Howard Fineman (MSNBC) said last night that HRC's best hope was to get the pd gap down to about 30 before the convention.  He got this from inside her campaign!  Then, they would try to get the sd's and the FL/MI thing to fall their way.  This is their strategy?  I was stunned that anyone inside her campaign would admit this.  They admitted that it was vitually impossible for her to overtake him in pd's, all they can do is try to widdle it down.  The cutting into his pd lead is brainlessly obvious, but to admit that best case scenario might be 30 pd's down and then trying to swing it with sd's and MI/FL.  I can't see how this plays well with voters at all.  Anybody else see his report.  I saw it two different times.    

FTR (0.00 / 0)
He needs a 70-30 split in the remaining states to win outright with PDs.  SO he will need SDs too.

[ Parent ]
I'm struck with the same thoughts as yesterday: (0.00 / 0)
In a primary with proportional allocation of delegates, how does Clinton catch Obama? Can she get the Obama-like margins of victory in Texas and Ohio needed to catch him?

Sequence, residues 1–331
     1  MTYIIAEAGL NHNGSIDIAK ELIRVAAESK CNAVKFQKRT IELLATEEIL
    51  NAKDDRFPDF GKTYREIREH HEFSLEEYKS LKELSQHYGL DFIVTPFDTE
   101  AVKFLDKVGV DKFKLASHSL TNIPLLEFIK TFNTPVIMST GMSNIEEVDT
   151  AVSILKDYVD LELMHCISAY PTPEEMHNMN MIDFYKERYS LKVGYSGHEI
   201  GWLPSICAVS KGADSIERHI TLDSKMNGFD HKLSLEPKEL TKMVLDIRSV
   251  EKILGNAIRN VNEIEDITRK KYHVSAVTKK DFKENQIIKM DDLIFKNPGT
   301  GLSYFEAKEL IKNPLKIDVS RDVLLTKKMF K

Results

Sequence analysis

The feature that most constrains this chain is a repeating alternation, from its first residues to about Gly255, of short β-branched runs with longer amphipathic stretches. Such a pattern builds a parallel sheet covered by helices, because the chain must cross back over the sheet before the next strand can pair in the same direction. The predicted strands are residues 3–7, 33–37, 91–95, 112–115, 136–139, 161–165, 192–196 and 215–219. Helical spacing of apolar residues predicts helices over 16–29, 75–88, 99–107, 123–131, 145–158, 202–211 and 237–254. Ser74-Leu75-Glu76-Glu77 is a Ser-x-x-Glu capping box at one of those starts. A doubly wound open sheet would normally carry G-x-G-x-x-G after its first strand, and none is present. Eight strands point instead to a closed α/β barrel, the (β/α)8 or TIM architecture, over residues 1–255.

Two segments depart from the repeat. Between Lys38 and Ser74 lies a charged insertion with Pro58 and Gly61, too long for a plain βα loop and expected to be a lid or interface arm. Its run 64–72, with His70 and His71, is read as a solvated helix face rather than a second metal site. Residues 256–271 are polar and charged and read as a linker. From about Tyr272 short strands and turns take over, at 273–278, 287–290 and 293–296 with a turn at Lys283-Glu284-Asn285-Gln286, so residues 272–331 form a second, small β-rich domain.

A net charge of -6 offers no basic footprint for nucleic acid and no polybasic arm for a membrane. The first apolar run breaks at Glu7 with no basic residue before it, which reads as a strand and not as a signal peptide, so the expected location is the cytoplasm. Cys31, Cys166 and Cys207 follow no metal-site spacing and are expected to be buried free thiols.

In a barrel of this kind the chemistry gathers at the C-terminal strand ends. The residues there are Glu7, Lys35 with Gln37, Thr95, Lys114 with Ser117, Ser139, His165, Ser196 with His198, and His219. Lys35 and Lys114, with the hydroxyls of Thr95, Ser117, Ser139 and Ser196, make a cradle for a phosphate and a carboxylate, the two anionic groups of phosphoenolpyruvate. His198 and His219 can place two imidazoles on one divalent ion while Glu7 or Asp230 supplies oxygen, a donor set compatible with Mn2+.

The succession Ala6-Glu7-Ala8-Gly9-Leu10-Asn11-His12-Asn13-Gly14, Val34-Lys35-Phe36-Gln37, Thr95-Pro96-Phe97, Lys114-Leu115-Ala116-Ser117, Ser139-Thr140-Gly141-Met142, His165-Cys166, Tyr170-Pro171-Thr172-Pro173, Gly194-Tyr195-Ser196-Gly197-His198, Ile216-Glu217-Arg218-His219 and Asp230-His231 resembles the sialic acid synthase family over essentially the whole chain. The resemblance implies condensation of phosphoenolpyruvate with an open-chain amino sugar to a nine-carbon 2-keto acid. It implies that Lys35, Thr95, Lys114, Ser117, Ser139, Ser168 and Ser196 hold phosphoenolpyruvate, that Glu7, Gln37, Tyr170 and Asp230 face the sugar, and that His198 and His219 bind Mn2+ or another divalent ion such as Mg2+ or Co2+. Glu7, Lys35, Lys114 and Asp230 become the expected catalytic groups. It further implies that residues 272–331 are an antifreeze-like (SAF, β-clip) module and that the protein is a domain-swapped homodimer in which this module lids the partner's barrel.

I can't see it (4.00 / 2)
Clearly, I think you have to see the moves the Clinton campaign is making now as trying to keep the PD's reletively close, and then swing enough of the superdelegatese to their side, along with somehow seating the current totals from MI and FL, while ensuring the 55 uncommited don't go to Obama. It's a hail mary, in other words.

1. Keep delegates close.

2. Divide the superdelegates by delegitamizing Obama's path to the nomination (i.e. caucuses undemocratic, can't win big states, etc) and claiming her polarizing persona and ruthlessness to be a virtue in winning the nomination and passing progressive legislation.

3. Since the creditials commitee will be controlled by Dean's and the PD leader (likely Obama), find a way to get FL and MI seated in a convention floor fight.  

If its worth doing this much damage to the party, god help us.

The Politics of Bruno S.


[ Parent ]
add upcoming states (4.00 / 2)
Hey Chris, at the bottom of these tables, could you add the upcoming states and how many delegates they are worth?

Chris: (4.00 / 1)
At TPMCafe, JMM posted an open thread on delegate situation.  One commenter noted that even if the side with the most pledged delegates controls the creditials commitee, the other side can issue an minority report and refer the contested delegates from MI and FL to the convention for a floor fight.  

Do you know if this is true?

The Politics of Bruno S.


I don't know (4.00 / 1)
But I will look into it

[ Parent ]
Yes (0.00 / 0)
There has to be 25% of the committee behind the "minority report," but if they can get to 25%, it will go to the floor.

[ Parent ]
But (4.00 / 1)
... it doesn't look like Clinton's on track to control 25% of the state delegations to begin with, at the rate she's going.